Introducing Process Theology

Rabbi Bradley Artson
God of Becoming and Relationship

A summary of Artson’s introduction, pp. xv – xvi: 

Process Philosophy is a  systematic approach to making sense of the world –
not just one aspect of it, but the world as a whole.

Process Theology integrates religion and science in a way that respects both disciplines as valid ways to relate to the world – and to each other.

Process methodology is based on the following convictions:

about the world: 

The world and God are expressions of continuous change, which is dynamic and relational.

We and the world are not solid substances, but recurrent patterns of energy; we change continually, but also maintain continuity from moment to moment.

To exist in this world is to be self-determining, interconnected, and creative to some degree.

*  We relate to each and all creation instantaneously and intuitively, responding  to the decisions of others – and to the events of the world around us – even as we ourselves are re-created in each instant.

*  We are interconnected, each to each and each to all.  Therefore, all creation has value and dignity.

about God:

* God is the One who makes all relationships possible.  God creates the openness of a future of real novelty and the variety of its possibilities, and God relates to each of us in our particular individuality.

*  God’s communication with human beings is a living, growing process. Therefore, God’s revelation is relational, ongoing, and continuous.

*  God’s revelation calls us to make decisions which will maximize justice, compassion, and love.

* God’s primary mode of power is persuasive, not coercive.  Therefore, we too are called to be persuasive, not coercive.

* God is the One who invites us – and empowers us – to make the best decisions for our personal flourishing and for our mutual flourishing.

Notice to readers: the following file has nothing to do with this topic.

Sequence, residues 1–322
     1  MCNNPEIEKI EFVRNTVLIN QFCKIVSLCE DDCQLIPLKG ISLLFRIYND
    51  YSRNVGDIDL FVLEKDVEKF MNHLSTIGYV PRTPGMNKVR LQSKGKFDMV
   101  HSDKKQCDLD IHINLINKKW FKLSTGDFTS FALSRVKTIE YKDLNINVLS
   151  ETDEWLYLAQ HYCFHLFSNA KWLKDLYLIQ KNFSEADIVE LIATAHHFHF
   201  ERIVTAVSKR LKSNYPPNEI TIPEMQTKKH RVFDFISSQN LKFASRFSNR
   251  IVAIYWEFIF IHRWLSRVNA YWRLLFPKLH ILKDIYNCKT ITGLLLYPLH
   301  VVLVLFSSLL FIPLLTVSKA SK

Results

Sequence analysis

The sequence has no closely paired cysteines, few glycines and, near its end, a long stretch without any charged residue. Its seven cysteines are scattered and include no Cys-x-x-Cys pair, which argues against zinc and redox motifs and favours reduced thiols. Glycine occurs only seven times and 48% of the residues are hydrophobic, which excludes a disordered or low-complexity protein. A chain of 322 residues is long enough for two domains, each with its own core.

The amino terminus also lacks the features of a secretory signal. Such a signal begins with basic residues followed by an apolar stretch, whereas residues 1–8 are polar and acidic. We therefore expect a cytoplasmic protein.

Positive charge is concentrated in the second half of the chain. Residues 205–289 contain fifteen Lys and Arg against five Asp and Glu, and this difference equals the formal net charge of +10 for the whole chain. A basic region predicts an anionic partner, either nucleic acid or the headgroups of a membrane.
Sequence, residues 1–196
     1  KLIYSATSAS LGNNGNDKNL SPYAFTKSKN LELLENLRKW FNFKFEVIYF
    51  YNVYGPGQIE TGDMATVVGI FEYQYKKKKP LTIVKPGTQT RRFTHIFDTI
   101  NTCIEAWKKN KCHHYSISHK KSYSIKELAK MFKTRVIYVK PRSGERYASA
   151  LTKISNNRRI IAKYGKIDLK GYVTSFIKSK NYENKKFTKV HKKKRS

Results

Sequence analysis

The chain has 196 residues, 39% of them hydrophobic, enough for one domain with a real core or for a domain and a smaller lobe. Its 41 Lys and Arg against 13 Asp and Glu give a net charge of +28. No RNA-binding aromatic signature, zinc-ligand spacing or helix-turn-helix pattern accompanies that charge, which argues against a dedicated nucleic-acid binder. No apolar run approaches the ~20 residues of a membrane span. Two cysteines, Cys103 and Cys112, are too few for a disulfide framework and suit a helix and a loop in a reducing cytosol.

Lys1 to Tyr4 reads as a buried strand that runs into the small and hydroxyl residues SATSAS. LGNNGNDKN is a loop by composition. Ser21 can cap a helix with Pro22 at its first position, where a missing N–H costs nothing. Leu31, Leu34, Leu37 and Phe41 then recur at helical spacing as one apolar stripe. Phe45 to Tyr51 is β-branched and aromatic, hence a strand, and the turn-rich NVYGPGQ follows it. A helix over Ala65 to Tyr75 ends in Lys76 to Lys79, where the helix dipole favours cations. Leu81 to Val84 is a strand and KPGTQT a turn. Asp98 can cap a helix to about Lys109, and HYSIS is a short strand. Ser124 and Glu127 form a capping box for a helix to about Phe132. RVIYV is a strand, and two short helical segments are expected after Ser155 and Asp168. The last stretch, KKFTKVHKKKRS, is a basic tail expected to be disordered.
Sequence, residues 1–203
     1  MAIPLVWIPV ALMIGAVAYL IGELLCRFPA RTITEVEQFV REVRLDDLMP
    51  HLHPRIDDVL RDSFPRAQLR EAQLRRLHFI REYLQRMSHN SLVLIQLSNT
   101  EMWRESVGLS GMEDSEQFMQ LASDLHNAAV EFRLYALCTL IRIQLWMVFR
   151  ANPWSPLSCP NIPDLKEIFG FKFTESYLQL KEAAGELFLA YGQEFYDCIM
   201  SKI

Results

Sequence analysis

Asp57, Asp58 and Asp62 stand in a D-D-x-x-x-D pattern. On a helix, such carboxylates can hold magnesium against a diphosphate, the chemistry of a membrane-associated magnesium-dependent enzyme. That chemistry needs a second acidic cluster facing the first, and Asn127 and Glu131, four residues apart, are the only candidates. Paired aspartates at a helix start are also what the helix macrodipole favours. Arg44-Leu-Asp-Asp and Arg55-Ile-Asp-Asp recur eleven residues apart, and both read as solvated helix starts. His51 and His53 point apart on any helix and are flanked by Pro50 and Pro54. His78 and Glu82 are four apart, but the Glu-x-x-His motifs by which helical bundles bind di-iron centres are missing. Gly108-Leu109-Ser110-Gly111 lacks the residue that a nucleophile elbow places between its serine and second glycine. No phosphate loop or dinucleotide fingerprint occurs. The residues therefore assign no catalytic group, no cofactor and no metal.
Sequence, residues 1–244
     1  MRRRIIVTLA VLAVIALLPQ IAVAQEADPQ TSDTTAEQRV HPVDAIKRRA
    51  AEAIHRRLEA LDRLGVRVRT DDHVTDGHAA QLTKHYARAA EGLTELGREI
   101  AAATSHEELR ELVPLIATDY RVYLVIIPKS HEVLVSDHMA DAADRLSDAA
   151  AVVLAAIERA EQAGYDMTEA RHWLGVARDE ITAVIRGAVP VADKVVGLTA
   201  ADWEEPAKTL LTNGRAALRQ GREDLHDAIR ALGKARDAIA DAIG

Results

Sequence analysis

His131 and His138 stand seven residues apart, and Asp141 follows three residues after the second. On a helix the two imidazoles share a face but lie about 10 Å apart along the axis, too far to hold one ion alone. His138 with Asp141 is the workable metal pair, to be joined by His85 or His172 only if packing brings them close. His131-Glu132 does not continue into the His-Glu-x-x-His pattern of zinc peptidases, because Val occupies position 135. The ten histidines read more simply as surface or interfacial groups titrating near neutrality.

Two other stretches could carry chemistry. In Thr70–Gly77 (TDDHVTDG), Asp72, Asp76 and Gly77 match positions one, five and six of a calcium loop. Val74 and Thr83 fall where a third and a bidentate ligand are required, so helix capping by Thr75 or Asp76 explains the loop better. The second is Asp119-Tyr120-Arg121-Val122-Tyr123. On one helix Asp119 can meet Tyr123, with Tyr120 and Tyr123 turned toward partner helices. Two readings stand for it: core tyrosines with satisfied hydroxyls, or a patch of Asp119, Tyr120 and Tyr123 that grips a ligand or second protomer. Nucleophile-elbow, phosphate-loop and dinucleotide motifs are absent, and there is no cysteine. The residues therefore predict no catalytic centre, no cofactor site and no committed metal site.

* God invites us – and everything in the cosmos – to be co-creators in fashioning the present, out of the possibilities offered by the future, and out of the constraints imposed by the past.

About faith:

*  Commitment to this creative process requires faithfulness, which rises above any faith (doctrine or creed).




Who should read this book?


from the Introduction to God of Becoming and Relationship
by Rabbi Bradley Artson

I wrote this book for you if you want to be able to locate your life in a single, encompassing story, one that includes everything from the first moment the universe began until yesterday, a narrative that embraces deepest personal meaning, a yearning to love and be loved, a quest for social justice and compassion.

I wrote this book for you if you feel wounded by conventional religion, with its domineering God and not infrequent assaults on common sense, scientific method, and human dignity, or if you feel wounded by combative secularism and its not infrequent assaults on any real sense of purpose, transcendence, or belonging.

I wrote this book for Jews who are seeking a way to integrate their admiration for Jewish values and ethics with a spirituality that cannot put on blinders and forget what their minds learned in science labs and history classes.

I also wrote this book for non-Jews who are interested in what wisdom Judaism might contribute to their lives but cannot endure yet another system of counterintuitive faith and mandated obedience. And I wrote this book for all of us, beyond labels, seeking a way to celebrate the dynamism and unity of this marvelous, mysterious, awe-filled world.

Finally, I wrote this book for myself, so I could continue to hold onto Torah as a way of life without abandoning or betraying my best values and the people I love most.

Rabbi Artson begins the book…..

I live in west Los Angeles in a home that was built in the 1950s. Our dining room has wood paneling along its four walls. When we first bought the house a decade ago, the room was painted a sickly green, presumably in the late ’70s during the high-water mark of the aesthetics of The Brady Bunch and The Partridge Family. The actual wood grain and tone were covered; I think in that era people thought such a look was cutting-edge. With that greenish coat of paint, the walls looked fake and cheap. When we finally got around to repainting the upstairs of the house, we asked our painter if he could just coat the paneling a simple white because the green was hideous. He pondered for a moment, then took his thumbnail and scratched on the paneling. The paint peeled away, and he said, “You know, I think that under this green there is actual wood.” His team spent three days sandblasting and varnishing. At the end of the week our dining room was transformed! The wood appears rich and the patterns in the grain are magnificent; it is now my favorite room in the house. I had thought, erroneously, that the wall itself was that sickly green when, in fact, that trashy look was just the coating that someone had painted over the shimmering wood.